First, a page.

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While renewables projects in North Africa have been making progress – led by Moroccan solar development agency Masen’s 125MW first concentrated solar power phase of the 500MW Ouarzazate scheme – the most highly publicised, ambitious scheme of all, the Desertec Industrial Initiative (Dii), is struggling to convince sceptics it can revolutionise patterns of electricity generation south of the Mediterranean and of supply within the European Union area.

Morocco
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Africa is expected to be a driver of global growth in coming decades, but its nature will be different from that predicted when emerging markets boomed and investors saw an escape from stagnant developed economies in apparently untapped markets. A realistic view is that there are likely to be more pockets of prosperity around the continent, and economies such as China will continue to grow, albeit less quickly. But how to plan for the future in a deeply uncertain environment?

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South Africa’s energy security remains fragile as load shedding continues to weigh on GDP – which is forecast to be little over 1% in 2014 – and generation output in late 2014 into 2015 could be further constrained by even more frequent power cuts. Margins remain dangerously fine, as was underlined when a collapsed coal silo at the 4,110MW-capacity Majuba facility – Eskom’s second largest (and youngest, commissioned in 2001) coal-fired plant – plunged much of the country into darkness on 2 November. Majuba’s generation output was halved from 3.6GW to 1.8GW, and then fell to a low of 600MW.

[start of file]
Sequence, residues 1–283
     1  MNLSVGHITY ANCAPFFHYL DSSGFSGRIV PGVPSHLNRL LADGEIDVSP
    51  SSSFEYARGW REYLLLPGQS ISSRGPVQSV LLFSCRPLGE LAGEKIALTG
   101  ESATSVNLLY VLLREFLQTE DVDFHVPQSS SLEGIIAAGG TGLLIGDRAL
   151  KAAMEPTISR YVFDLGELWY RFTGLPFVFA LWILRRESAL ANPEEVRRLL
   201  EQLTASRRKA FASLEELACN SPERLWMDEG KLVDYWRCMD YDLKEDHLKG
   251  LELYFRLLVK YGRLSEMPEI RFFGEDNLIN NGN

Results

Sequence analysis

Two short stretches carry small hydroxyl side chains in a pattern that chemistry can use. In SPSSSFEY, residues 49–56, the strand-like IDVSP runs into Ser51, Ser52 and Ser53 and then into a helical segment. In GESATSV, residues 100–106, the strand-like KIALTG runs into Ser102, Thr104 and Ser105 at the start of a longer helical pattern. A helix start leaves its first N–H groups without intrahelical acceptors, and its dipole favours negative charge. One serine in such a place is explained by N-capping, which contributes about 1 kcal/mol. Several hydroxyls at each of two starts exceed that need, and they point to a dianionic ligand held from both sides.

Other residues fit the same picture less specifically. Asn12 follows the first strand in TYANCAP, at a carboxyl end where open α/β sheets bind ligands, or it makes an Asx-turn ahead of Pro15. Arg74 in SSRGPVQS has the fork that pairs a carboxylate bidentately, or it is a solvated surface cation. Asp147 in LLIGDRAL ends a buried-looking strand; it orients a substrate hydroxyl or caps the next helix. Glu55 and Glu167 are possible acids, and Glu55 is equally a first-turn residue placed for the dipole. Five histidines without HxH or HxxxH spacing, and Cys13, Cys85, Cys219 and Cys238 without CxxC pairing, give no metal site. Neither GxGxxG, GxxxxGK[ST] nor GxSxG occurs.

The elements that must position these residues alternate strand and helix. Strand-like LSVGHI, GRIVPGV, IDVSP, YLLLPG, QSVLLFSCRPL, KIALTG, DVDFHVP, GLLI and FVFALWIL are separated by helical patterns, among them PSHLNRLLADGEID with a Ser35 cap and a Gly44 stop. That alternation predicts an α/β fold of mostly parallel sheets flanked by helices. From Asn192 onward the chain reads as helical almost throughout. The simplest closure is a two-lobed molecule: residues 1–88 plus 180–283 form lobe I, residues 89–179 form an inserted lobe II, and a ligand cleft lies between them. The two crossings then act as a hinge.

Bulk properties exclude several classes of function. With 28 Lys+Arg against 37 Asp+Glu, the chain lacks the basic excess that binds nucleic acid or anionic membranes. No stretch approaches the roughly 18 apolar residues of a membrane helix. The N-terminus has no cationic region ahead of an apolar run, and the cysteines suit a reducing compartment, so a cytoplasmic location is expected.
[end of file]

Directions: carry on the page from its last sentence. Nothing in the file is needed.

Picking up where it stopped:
South Africa
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There is consensus on the need to scale up renewables, off-grid, combined-cycle gas and other generation schemes if sub-Saharan Africa is to overcome its gaping electricity supply and access deficits (see Power). Huge investment is required to create transmission backbones and commercially sustainable distribution networks. To achieve these ambitious aims, ever more institutions and initiatives are looking to marry public funds with private investment. But there is another category of stakeholder, which has an essential role to play as offtaker and focal point of the electricity supply industry but whose performance often falls short: national utilities.

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Southern African governments have been slow to recognise the potential of regional power pools to draw investment into their countries. Most have seen the Southern African Power Pool (SAPP) through a resource nationalist lens...

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As Africa enters the 2020s, issues of climate change and sustainability have gained greater urgency even if not everyone agrees on the way ahead. With desertification and water shortages affecting many regions, Africa has joined the stop-start transition away from a carbon-based economy; the percentage of on- and off-grid renewables is growing in the energy mix, with solar, and to a lesser extent wind, taking a lead, promoted by large public procurement projects and ever more private initiatives.

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Launched by President Barack Obama in Cape Town one year ago, the US Power Africa initiative has been making bold claims about its early successes in a campaign to boost sub-Saharan Africa’s installed generation capacity by some 10GW and connect some 20m more homes and businesses to the grid by 2020 (AE 258/5). Power Africa claims it will make some $7bn available in financial support and loan guarantees from 12 government agencies, led by the Export-Import Bank of the United States (Ex-Im Bank), Overseas Private Investment Corporation and US Trade and Development Agency (USTDA).

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Some African governments specialise in grandiose statements about mega-projects that will drive the continent’s electrification or achieve some other transformational goal. In many cases little happens, but the mega-project provides a useful symbol of rapprochement between two states. The Trans-Saharan Gas Pipeline (TSGP) planned by former Nigerian president Olusegun Obasanjo and Algeria’s Abdelaziz Bouteflika is one example still prominent on the Programme for Infrastructure Development in Africa project list.